Northumberland Castles Challenge
This week’s Castle visit is to the very tiny village of Bothal, which has the absolutely colossal Bothal Castle in the middle of it. The village is ridiculously idyllic and has a bunch of lovely places to poke around all within spitting distance.
It is probably one of the most perfect places to visit with toddlers as the walking is minimal but the exploring potential is great. The only down side is that the castle is closed to the public for most of the year*.
I was joined by Cath and Emily again and, first thing’s first, we hunted a spot for our picnic. Obviously.
Bothal Castle – The church and Graveyard
You have never seen as much activity in one tiny place as there was when we arrived outside the castle. Fortunately this meant we could have a chat with a few people to see where we could picnic.
We were advised that the church yard was lovely and there were benches, perfect for a picnic.
And while we enjoyed a coffee, the kids explored the woods.
Bothal Castle – the Castle
After a lovely leisurely lunch in the sunshine, we trotted back to the car to don the kids’ Regatta Puddle Suits. Although the weather was lovely, there were puddles a plenty including a rather big one, which will get to in a minute!
The canapé provided by the trees on the entrance to the castle, combined with the wonderful back light from the sun (I didn’t know this myself, I had only just stopped to chat to a chap who turned out to be a photographer and he told me!) helped to create some photos I’m really pleased with. Isabella above and Reuben below. Like I said, idyllic!
Once we were through the tunnel of the castle, it lead to a wonderful open walled garden, including this fabulous mural and a huge tree with the obligatory rope swing. Perfect for a little argument about who went first.
Bothal Castle is currently within the Welbeck Estate. Reading back through some of the history, it seems to have seen very little ‘action’ in terms of being pillaged or occupied. It appears it may have been a house fortified prior to the Norman Conquest. It was then rebuilt a number of times (a lot of the existing structure was built in the 1960s!) and during a 1570s survey, it was admired for its gardens. I like that, it seems fitting as there was something about the whole village that seemed peaceful and calm.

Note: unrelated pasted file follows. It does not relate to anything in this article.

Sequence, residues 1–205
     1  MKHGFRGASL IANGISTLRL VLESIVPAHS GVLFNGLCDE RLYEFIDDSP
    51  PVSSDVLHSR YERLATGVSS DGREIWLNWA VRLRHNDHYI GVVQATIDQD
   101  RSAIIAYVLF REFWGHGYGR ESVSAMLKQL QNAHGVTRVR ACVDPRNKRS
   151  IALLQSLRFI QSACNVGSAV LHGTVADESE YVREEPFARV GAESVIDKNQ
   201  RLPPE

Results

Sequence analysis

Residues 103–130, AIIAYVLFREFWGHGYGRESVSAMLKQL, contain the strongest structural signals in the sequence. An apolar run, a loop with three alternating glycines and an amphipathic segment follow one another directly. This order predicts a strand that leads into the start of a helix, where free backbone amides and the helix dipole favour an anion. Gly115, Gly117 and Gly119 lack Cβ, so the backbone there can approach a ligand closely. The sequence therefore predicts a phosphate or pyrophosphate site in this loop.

Bothal Castle – the river and stepping stones
After a quick look around (we didn’t want to outstay our welcome!) we headed down a grassy path to the river Wansbeck. And while it still felt like summer up the hill, once we got down to the river there was a definite autumnal (that’s for you Mike – he says I’m the only person who uses Autumnal so frequently!) feel.
It was muddy, claggy with leaves and a high chance for wetness, thanks to the stepping stones across the river. Thank goodness for those puddle suits!
While it wasn’t amazingly relaxing for us mums, the kids had loads of fun by the river, throwing sticks and leaves in and watching them flow between the stepping stones, and splashing in a shallow part of the river. There is also an incredible Indiana Jones style rope bridge, but unfortunately (not) it is only accessed via private land. Shucks.
There is a path that continues on the other side of the river, however, we knew we had to get 3 toddlers back up the hill, so we headed back after they had had their fill of throwing and splashing. And after another quick coffee and a snack we went our separate ways, castle number 27 of the Northumberland Castles Challenge successfully completed!
*This is an absolutely stunning castle and I’d highly recommend a visit. For access, keep an eye on the Heritage Open Days.
What do you make of Bothal Castle? And do you use the word Autumnal or is Mike right and it’s just me?!